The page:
Why Wonder? You’ll Know!

Jul 10, 2006

I found the following phrase printed on a clever little gadget that attaches to my garage door. When the door is open, it sends a signal to a wireless receiver which flashes red to let me know my home is unsecured. When the door is closed, the receiver flashes green. Here’s the phrase: “I don’t wonder. I know.” What do garage doors and recruiting have in common? Both are doorways that, when left unattended, can let in undesirable elements. Take recruiting, both internal and external. A while ago, Jeremy wrote an article about the need to overcome a general recruiting industry inferiority complex. He made some good points, and I thought I would build on (i.e., steal) some of his ideas. For example, if I am correct, Jeremy’s key points were:

  • Recruiters seldom do the basics.
  • Recruiters are often treated like second-class citizens.
  • Companies=people=companies.

These are great points. And they are excellent examples of garage-door feedback.

Why Wonder?

“Why wonder?” refers to not knowing. In the case of garage doors, it refers to keeping out bad things and letting in good ones. That is, you don’t have to wonder if your garage door is keeping out rabid raccoons, teenage pranksters, and the occasional space alien.

Most homeowners would agree that these are undesirable garage inhabitants. In the case of recruiting, it means wondering if the recruiter is submitting unqualified applicants, people who require additional training, or employees who may quit prematurely. You know, undesirable organizational inhabitants. Professional recruiters may also wonder if buyers think they are really worth their fee.

You’ll Know!

“You’ll know!” refers to feedback. In the case of the garage-door gadget, it means seeing a light flash either red (open to alien visitors) or green (closed and secure). In the case of recruiting, it means getting a resounding “Way to go!” a grudging “At least I didn’t have to do it,” a “I sure wasted money on that one!” or a “Why should I pay an independent recruiter for something I could do internally?”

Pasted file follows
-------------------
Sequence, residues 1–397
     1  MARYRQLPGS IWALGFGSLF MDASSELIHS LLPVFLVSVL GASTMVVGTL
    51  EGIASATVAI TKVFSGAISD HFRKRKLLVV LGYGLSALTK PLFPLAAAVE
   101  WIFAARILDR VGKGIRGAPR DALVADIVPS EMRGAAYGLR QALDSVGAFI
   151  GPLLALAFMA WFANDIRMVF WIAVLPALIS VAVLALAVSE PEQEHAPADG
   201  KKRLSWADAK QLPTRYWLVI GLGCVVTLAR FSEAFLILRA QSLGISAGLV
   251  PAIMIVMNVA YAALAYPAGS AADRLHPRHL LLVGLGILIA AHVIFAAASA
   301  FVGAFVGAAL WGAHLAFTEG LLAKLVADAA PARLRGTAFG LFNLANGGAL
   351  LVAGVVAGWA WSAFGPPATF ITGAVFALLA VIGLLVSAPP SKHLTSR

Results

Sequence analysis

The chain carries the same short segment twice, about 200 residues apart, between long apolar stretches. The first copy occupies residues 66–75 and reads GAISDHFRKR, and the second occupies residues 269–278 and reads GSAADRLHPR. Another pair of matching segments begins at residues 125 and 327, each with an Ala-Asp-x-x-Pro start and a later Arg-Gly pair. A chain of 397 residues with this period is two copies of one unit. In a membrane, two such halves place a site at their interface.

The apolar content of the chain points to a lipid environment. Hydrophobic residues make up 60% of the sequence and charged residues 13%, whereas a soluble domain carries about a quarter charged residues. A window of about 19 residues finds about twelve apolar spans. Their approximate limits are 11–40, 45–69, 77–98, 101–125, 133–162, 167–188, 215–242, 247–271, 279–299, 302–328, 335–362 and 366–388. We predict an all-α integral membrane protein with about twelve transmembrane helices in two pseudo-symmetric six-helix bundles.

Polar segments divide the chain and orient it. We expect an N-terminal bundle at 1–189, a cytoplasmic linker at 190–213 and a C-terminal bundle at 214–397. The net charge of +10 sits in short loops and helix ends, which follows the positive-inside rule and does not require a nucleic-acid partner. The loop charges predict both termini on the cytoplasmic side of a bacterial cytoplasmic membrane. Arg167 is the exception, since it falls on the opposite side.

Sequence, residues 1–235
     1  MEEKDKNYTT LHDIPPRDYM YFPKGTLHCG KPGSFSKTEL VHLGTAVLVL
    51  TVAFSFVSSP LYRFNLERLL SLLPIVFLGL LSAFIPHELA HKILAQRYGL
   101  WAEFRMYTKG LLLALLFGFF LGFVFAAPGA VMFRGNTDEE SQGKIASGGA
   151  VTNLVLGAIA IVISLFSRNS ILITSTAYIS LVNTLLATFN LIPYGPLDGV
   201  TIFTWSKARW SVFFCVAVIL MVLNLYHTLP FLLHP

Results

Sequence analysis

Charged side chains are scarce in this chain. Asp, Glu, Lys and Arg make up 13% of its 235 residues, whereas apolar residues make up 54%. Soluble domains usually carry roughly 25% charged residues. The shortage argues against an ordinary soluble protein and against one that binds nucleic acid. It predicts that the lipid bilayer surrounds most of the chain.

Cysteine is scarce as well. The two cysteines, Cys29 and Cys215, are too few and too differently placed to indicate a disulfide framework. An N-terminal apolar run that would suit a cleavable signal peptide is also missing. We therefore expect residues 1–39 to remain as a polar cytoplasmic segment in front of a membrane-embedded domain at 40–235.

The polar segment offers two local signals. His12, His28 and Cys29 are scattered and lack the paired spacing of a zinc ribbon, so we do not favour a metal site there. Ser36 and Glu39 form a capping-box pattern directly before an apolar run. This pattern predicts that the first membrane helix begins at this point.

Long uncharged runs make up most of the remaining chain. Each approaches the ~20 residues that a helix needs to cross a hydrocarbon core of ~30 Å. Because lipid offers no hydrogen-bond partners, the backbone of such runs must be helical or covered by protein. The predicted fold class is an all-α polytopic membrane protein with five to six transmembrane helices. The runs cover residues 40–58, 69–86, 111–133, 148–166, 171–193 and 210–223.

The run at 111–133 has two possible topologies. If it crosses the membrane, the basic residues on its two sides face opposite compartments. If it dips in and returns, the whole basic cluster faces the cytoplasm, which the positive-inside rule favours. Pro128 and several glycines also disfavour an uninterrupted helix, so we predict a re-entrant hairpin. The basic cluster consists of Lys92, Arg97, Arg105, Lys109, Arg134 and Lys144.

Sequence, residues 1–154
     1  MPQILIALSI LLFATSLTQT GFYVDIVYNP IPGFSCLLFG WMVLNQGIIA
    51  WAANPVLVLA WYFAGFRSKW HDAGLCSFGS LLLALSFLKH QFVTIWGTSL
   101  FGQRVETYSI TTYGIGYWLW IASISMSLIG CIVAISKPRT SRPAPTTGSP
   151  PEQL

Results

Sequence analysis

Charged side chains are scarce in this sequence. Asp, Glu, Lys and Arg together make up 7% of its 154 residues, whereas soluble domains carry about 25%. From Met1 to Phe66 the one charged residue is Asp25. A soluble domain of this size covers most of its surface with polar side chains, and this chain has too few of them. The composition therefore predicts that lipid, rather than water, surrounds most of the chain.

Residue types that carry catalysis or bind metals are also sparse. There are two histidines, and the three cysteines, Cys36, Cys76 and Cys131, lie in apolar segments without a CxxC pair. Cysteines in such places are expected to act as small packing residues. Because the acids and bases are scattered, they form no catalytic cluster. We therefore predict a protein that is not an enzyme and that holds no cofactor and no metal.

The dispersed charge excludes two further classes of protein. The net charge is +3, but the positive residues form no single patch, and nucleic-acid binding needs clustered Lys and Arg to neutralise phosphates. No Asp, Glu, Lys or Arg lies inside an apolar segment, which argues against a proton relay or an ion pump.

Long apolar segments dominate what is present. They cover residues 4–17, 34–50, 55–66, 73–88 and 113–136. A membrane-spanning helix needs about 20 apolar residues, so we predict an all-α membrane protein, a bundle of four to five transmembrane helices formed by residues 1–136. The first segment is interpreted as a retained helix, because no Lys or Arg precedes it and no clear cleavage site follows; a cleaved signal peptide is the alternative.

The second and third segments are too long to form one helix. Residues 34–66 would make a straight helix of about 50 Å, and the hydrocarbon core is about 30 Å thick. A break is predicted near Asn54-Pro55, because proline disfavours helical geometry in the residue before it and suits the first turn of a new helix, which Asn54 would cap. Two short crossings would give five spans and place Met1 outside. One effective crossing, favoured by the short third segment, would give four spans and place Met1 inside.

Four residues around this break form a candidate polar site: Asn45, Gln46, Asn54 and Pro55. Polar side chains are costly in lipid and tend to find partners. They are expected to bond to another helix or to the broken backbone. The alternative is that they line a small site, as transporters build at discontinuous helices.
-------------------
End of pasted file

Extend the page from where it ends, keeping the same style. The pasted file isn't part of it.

Feedback tells us how we are doing.

Key Points Revisited

Without people, companies are just a collection of buildings, property, and equipment. People quality=company quality. Although it takes employees to fill the buildings, manage the property, and operate the equipment, it does not take an expensive consultant to illustrate that employees are seldom equally productive (any more than it takes a meteorologist to warn that waving around a metal golf club in a thunderstorm can quickly lead to becoming a charcoal briquette). We respect firefighters who put out fires, doctors who cure illness, and engineers who build bridges that do not collapse. Would we feel the same about them if firefighters only put out half the fires, doctors only cured half their patients, or half our bridges had structural failures? Both research and practical experience shows about half the people hired fail to meet performance expectations. Who do you think brought those hires into the company in the first place? Feedback, both positive and negative, should be taken seriously.

If hiring managers know that their internal or external recruiters bring them employees with variable skills, or if recruiters know they seldom follow the basics, then any lobby for respect and recognition will invite the same warm welcome as our rain-drenched, club-waving golfer. Ka-Pow! So what are some recruiting basics? Well, on the surface, they are very simple. There are three steps: 1) know job requirements; 2) accurately measure each applicant; and 3) follow up.